How to know if your 401(k) fees are reasonable
There are a lot of Americans saving in 401(k) plans. Like, a lot. Roughly 54 million Americans hold an estimated $5.3 trillion in assets in 401(k) plans, and that number is on the rise . That’s a lot of plans, holding a lot of money, all relying on some level of specialized services with associated fees to keep them running smoothly. From consulting and advising to recordkeeping and administration, these fees ensure that a business is compliant and investments are appropriate. But how do you know if the fees you are being charged for your 401(k) are reasonable?
How to assess if your 401(k) fees are reasonable
A 401(k) retirement savings plan is a cost-effective way to offer flexibility to both the employer and the employee. And because 401(k) plans can differ, so will their fees. Assessing what is “reasonable” quickly becomes subjective and really depends on the types of services your plan provides. A plan that offers employer contribution matches or profit sharing may cost more to administer—and therefore will likely have more fees. Other plans may be more bare-bones, no frills attached, and come with less fees. Remember, you get what you pay for. It’s not always a prudent idea to go with the plan that is cheapest. Look at plans that align with company values and culture.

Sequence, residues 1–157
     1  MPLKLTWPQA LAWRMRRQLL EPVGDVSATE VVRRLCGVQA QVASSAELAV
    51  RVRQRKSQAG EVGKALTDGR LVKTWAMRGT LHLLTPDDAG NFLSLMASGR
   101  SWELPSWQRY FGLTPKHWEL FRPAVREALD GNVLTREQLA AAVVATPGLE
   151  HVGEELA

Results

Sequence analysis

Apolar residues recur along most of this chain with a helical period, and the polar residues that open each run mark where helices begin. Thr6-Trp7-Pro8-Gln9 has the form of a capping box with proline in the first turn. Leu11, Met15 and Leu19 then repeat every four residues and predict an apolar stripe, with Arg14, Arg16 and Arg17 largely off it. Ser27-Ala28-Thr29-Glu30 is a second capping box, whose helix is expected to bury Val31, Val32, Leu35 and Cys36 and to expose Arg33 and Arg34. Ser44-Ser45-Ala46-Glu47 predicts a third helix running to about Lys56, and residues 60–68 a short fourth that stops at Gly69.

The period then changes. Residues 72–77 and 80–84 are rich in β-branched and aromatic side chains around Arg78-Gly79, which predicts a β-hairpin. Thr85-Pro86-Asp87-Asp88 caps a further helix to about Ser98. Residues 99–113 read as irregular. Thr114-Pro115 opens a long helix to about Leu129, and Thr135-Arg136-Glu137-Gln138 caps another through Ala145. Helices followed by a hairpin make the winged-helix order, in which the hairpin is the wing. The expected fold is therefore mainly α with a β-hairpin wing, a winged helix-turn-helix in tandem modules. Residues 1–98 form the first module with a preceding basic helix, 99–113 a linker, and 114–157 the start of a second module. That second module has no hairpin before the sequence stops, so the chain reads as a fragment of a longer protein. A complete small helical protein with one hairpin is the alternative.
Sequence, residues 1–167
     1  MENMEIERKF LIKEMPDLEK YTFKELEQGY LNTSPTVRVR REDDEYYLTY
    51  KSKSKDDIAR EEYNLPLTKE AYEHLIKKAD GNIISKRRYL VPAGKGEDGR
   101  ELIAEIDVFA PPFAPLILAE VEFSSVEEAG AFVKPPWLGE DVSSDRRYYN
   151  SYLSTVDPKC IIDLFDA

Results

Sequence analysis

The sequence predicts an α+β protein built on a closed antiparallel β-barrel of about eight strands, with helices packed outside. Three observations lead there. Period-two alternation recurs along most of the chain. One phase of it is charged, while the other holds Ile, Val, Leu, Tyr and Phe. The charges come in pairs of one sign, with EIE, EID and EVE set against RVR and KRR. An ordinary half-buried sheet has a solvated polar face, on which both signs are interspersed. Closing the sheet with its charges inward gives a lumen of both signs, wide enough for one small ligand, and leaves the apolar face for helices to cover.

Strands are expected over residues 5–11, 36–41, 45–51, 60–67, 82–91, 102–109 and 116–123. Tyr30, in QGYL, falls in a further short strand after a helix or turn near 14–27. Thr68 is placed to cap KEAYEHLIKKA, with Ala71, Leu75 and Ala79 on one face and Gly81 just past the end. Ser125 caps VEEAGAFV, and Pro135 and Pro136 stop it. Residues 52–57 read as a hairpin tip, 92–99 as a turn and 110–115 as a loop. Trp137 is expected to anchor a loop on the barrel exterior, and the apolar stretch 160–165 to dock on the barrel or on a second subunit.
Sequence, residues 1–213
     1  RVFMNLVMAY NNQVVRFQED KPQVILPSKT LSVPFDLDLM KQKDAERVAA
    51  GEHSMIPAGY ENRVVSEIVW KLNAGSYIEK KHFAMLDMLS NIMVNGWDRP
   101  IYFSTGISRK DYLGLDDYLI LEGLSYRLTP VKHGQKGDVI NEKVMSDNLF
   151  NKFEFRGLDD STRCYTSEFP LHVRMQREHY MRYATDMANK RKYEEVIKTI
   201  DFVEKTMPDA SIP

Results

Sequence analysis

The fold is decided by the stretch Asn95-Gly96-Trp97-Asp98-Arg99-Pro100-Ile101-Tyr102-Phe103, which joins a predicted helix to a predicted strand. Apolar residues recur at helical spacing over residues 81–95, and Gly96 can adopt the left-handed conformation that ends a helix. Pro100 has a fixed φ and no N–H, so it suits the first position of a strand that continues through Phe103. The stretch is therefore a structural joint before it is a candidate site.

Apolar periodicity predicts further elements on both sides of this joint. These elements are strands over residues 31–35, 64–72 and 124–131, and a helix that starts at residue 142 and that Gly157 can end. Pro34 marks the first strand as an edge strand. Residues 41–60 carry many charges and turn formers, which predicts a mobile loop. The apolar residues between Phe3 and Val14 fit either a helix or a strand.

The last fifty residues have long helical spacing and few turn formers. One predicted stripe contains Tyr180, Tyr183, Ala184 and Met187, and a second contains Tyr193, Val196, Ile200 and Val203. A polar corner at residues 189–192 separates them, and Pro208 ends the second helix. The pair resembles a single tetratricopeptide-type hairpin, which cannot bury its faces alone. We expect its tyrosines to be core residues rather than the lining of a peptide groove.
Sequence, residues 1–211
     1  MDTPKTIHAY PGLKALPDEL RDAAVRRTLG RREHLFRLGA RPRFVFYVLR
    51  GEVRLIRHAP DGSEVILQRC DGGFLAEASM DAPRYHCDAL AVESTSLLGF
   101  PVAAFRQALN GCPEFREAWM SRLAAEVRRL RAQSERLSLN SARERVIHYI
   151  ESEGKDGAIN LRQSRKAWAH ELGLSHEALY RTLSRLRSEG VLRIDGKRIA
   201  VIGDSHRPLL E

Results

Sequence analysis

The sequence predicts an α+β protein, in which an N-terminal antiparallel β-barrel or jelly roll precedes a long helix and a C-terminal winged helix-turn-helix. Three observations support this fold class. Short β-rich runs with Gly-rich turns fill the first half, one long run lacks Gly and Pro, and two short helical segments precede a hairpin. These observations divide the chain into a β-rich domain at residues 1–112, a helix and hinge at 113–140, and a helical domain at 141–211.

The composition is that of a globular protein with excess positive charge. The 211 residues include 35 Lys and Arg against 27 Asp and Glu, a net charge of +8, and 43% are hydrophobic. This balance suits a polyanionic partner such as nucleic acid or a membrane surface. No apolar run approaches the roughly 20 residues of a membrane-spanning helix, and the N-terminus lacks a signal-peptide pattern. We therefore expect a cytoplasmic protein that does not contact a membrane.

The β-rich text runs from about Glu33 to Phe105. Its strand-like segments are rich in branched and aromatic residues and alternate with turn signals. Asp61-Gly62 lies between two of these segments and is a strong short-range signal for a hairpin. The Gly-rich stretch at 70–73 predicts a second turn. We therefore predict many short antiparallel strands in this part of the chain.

Where to find 401(k) fee allocation
First and foremost, the plan sponsor or an investment committee should have a good understanding of the fees associated with the retirement account. It will be their responsibility to ensure that participants receive education. Both plan-level and investment-related information, including fees, will be provided before a participant’s initial investment and annually after that.
If you aren’t sure where fees have been charged each year, check out your 408(b)(2) form—that’s a great place to start. The document makes it easier for plan fiduciaries to assess the “reasonableness” of the fees paid. And to alleviate doubt, review the plan and associated fees regularly. You’ll want to both benchmark the fees and add a healthy dose of common sense. If you gut is telling you something is too expensive, it often is. Don’t expect to be an expert at this at first, either. You’ll likely need to do some initial research, and industry experts suggest doing a more in-depth review every three years.
To keep the plan participants up-to-date, the law requires that a 404(a)(5)—a record of fees such as the cost of investments, administration, and recordkeeping—is provided annually. Plans should also be reviewed each year to ensure all participants are on track to meet their 401(k) retirement savings goals.
Finding a plan or service provider that advocates a policy of transparency
Fees are an expected part of a 401(k) plan, but excessive fees can cause people to look for different plans. Plan sponsors should align themselves with 401(k) service providers or third party administrators that endorse “full disclosure” principles. All fees will be clearly identified up front by the provider or third party administrator for both the plan sponsor and the participants.
When you begin assessing your 401(k) fees and determining if they’re reasonable, don’t be afraid to ask questions. It’s important to stay educated on what the fees mean, what they actually pay for, and how they can affect the overall health of your plan.